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It’s hard to ruffle Rigoberto Urán’s feathers.
The Cannondale-Drapac captain showed his sangfroid in Wednesday’s tactical battle over the Col du Galibier. He bounced up into second place with a fast finish.
In the post-stage emotion, French star Romain Bardet (Ag2r La Mondiale) criticized Urán for not following his wheel when he attacked. The fuming Frenchman chastised the Colombian for racing without panache. Bardet suggested Urán was only saving his strength for the finish-line time bonuses.
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When a French journalist asked for his reaction to Bardet’s comments, Urán just shrugged.
“I don’t want to say anything. Everyone has their own manner of racing,” Urán said. “When you don’t have a team as strong as Sky, with climb so far away and such a long downhill, it doesn’t make much sense to attack. In the end, I worked to take some time on [Fabio] Aru.”
When the journalist pressed Urán, and asked him if he would attack in Thursday’s mountaintop finale, Urán countered: “Why don’t you ask Bardet?”
With that, Urán had the last laugh.
The 30-year-old’s patience paid huge dividends Wednesday, the first of two decisive Alpine days. With only four stages remaining, this Tour could come down to seconds. Urán went from fourth to second at 27 seconds behind.
Instead of following some fan-friendly flares from Bardet on the final ramps of the Col du Galibier against a strong Sky presence, Urán prudently saved his matches. When Astana’s Aru faltered near the top, Urán helped pour it on to gap out the struggling Italian. And then, after the long run down the valley against a headwind to finish line, Urán won a five-up sprint to claim the six-second time-bonus for second place.
When the race jury ran the numbers, Urán slipped ahead of Bardet by four one-hundredths of a second taken from the stage 1 Düsseldorf time trial.
No wonder the Frenchman was fuming.
“With such a long downhill toward the finish, and the way the wind was, it was always a tricky final,” said Cannondale-Drapac sport director Charly Wegelius. “[Urán] did a great race and taking some time from Aru was super-positive.”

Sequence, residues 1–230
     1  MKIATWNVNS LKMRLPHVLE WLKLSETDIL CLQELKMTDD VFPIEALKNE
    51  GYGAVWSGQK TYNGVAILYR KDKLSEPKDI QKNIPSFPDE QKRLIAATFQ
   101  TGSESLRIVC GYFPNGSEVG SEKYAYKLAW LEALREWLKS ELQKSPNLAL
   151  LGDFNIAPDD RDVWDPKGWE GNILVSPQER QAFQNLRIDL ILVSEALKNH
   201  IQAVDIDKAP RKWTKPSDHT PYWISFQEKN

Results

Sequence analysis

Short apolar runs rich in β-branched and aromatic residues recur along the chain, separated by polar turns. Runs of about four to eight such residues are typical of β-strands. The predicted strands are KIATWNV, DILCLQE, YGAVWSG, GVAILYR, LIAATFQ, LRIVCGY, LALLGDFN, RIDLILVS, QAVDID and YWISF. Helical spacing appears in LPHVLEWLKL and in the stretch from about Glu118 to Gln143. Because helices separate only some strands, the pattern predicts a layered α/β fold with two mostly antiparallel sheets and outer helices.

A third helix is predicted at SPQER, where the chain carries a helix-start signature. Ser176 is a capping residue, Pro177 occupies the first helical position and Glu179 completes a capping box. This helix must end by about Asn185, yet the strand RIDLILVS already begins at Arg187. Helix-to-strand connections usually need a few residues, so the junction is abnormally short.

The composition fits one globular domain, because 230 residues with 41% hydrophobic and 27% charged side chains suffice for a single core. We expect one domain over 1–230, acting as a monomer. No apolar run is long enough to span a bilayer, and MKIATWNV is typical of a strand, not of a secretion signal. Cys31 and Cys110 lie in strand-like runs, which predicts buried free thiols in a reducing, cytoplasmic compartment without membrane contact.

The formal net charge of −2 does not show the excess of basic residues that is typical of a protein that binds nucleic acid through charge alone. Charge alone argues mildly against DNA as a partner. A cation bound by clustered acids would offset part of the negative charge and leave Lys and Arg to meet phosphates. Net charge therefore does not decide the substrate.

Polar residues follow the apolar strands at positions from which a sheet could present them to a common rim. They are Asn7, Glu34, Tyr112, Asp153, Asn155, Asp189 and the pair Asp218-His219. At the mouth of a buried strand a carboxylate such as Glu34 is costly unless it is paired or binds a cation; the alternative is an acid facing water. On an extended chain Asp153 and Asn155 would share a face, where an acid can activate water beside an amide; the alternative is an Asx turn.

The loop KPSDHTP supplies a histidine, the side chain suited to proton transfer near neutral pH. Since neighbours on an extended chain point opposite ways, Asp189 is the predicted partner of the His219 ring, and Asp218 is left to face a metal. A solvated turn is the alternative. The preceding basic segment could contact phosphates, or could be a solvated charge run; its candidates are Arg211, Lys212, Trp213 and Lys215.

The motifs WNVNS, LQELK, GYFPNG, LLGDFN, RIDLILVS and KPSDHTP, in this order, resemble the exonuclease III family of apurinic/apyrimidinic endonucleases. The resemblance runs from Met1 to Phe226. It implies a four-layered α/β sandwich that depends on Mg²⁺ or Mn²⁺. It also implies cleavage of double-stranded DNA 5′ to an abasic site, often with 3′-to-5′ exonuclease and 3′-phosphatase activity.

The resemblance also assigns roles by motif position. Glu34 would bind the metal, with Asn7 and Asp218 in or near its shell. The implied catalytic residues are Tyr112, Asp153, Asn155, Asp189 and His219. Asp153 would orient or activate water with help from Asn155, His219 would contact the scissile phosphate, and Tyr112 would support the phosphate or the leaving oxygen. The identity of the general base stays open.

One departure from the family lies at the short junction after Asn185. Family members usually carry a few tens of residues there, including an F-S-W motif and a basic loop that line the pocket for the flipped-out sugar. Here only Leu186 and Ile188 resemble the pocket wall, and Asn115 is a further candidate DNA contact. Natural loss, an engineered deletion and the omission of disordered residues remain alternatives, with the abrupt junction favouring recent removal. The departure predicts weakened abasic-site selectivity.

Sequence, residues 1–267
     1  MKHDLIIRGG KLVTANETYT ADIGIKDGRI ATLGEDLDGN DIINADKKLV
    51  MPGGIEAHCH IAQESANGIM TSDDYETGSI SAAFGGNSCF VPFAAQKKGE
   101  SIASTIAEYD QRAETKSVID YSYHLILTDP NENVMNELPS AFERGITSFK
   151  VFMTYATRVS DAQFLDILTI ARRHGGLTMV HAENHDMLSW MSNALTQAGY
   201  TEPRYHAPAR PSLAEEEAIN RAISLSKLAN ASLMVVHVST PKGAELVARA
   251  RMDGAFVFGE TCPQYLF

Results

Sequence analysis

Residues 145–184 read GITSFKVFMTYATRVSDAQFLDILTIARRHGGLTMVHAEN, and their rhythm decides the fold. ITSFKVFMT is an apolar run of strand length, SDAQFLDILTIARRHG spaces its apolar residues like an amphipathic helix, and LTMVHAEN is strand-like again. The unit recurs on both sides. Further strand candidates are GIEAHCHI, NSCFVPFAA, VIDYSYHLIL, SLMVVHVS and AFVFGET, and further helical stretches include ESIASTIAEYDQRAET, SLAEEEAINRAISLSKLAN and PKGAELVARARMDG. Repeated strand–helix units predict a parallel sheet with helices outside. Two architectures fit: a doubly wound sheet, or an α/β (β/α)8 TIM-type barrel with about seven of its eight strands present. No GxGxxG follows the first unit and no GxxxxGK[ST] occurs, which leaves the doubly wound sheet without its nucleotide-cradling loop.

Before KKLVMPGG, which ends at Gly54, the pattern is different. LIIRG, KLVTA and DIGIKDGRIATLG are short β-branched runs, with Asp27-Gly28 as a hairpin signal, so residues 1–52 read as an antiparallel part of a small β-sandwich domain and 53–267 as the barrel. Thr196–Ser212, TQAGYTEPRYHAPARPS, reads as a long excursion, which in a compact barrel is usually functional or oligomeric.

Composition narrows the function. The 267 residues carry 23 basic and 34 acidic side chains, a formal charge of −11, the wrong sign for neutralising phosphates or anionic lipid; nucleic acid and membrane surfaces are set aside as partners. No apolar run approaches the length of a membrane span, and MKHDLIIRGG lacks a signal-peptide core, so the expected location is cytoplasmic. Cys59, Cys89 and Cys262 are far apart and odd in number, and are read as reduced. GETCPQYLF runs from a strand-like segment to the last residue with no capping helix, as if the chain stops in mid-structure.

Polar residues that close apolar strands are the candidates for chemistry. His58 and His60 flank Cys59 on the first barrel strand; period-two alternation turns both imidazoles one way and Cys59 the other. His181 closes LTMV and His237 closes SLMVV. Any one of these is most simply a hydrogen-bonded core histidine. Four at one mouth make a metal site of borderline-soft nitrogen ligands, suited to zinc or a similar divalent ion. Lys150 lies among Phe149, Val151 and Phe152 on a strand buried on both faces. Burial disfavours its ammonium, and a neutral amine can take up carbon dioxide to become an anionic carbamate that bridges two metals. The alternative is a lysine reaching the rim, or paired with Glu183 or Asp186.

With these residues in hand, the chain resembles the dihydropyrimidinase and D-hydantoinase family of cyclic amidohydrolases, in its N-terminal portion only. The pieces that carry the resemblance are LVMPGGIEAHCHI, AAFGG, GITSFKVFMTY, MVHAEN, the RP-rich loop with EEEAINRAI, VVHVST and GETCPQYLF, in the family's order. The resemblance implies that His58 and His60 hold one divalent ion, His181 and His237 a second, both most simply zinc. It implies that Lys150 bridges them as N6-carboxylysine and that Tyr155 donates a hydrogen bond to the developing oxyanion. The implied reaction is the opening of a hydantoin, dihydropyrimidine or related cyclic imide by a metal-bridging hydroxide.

Urán’s fairytale Tour de France keeps getting better.
When the Tour started nearly three weeks ago, not many rated his chances. He’s moved from 95th after the opening day time trial to second, thanks to one stage win, two second places and two top-10s. With only four stages to go, Urán is knocking on the yellow jersey door.
Team Sky has noticed. Chris Froome won the four-second third-place sprint to widen his yellow jersey lead. Bardet had little to show after a hard day’s work.
“If [Urán] moves, I have to stick with him,” Froome said. “I cannot give him an inch at this point.”
Urán has moved firmly onto Sky’s radar, and Froome called the Colombian his top challenger as he looked ahead to Saturday’s time trial.
“If the differences stay the same as they are today after the Izoard, I think Urán will be my biggest threat,” Froome said. “He’s the best time trialist of the bunch [behind me].”
Cannondale-Drapac is holding its breath.
Everyone is hoping Urán can hang on through Thursday’s climbing crescendo that ends atop the Col d’Izoard. The way Urán has deftly handled the Tour so far, he should be able to make it out of the Tour’s final major climbs with his podium chances fully intact.
Everyone behind Froome knows they need more time on the three-time defending champion to have any real chance of winning the Tour. Bardet promises to attack again Thursday. Sky’s Mikel Landa also promises to move to enhance his podium chances in the time trial.
Will Urán pitch in this time? Like Bardet, he needs to erase the 27-second gap to Froome. Also, he should add at least another 60 seconds as a buffer for the time trial.
When the French journalist asked Urán what tactical card he will play Thursday, Urán just shrugged his shoulders.
“There is still one more complicated and difficult finale,” Urán said. “Tomorrow we will try again.”